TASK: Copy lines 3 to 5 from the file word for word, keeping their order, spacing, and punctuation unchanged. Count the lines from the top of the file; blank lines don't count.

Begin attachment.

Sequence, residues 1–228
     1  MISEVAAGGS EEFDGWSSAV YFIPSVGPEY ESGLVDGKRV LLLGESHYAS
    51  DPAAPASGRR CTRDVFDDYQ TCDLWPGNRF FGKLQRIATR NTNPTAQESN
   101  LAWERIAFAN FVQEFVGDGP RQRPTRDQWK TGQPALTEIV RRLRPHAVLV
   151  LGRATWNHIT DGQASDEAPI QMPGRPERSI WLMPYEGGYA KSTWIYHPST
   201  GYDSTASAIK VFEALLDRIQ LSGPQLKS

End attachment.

    51  DPAAPASGRR CTRDVFDDYQ TCDLWPGNRF FGKLQRIATR NTNPTAQESN
   101  LAWERIAFAN FVQEFVGDGP RQRPTRDQWK TGQPALTEIV RRLRPHAVLV
   151  LGRATWNHIT DGQASDEAPI QMPGRPERSI WLMPYEGGYA KSTWIYHPST